Climate Physics Chapter 2

This equation relates atmospheric pressure to altitude. This relation is what allows us to work in pressure coordinates, instead of altitude.

We consider a column of air with pressure p, height z, and cross-sectional area A. By looking at the force on a small horizontal slice of the column, assuming the acceleration due to gravity, g, remains relatively constant throughout the column, we can say:

\begin{equation} dm=-\frac{dp}{g}\\ \end{equation} \begin{equation} \frac{dp}{dz}=-\rho g\\ \end{equation}An important consequence is that this allows us to find the mass per unit of planet surface area of an atmosphere.

\begin{equation} m=\frac{p_{s}}{g}\\ \end{equation}Where \(p_{s}\) is the surface pressure. To find the mass of a specific substance A, multiply by the mass specific concentration \(q_{a}\). To find the mass from a partial pressure \(p_{A}\) in a well mixed mixture of gasses, replace \(p_{s}\) with \(p_{A}\frac{M_{A}}{\overline{M}}\), where \(M_{A}\) is the molecular weight of A and \(\overline{M}\) is the mean molecular weight of the mixture.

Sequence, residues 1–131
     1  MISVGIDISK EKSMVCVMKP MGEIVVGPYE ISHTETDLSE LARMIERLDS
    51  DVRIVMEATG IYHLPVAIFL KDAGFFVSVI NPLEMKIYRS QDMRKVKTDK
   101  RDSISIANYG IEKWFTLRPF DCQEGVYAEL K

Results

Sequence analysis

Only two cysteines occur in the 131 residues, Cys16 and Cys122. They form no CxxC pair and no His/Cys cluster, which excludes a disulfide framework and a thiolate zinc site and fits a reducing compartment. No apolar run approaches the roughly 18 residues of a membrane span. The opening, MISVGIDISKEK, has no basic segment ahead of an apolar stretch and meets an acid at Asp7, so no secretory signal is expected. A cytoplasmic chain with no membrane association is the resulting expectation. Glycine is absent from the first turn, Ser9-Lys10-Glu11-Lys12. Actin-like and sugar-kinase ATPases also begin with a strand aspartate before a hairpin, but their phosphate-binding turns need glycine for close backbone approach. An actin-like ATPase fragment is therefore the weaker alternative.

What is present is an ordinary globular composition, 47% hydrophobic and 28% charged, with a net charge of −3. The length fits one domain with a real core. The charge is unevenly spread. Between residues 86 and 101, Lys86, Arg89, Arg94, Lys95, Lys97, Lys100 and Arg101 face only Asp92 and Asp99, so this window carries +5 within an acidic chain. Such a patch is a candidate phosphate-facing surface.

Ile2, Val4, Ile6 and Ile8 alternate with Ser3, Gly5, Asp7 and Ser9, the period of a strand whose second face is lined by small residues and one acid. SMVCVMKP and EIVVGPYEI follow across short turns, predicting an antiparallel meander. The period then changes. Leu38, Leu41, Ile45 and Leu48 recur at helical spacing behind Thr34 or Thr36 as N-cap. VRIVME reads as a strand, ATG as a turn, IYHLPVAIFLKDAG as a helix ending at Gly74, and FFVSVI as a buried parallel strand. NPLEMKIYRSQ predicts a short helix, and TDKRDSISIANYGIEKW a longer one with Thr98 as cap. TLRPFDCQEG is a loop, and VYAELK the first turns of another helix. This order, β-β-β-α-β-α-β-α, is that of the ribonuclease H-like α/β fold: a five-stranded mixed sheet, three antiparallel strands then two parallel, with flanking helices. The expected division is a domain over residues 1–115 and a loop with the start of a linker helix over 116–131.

Venus has a surface pressure of 92 bar, and a surface gravity of \(8.87\textrm{ m}/{\textrm{s}}^{2}\). 3.5 percent of the atmosphere by mole fraction consists of \(N_{2}\). Compute the mass of \(N_{2}\) per unit surface area of Venus.

Mass per square meter = \(mq_{a}=q_{a}\frac{p_{s}}{g}=3.6\cdot 10^{4}\textrm{ kg}\)

We can also use integrate the hydrostatic relation to get the pressure as a function of altitude.

\begin{equation} p(z)=p_{s}\exp\left(-\frac{g}{R\overline{T}}z\right)\\ \end{equation}\(\overline{T}\) is the harmonic mean temperature, and since it is measured relative to absolute zero it is relatively constant.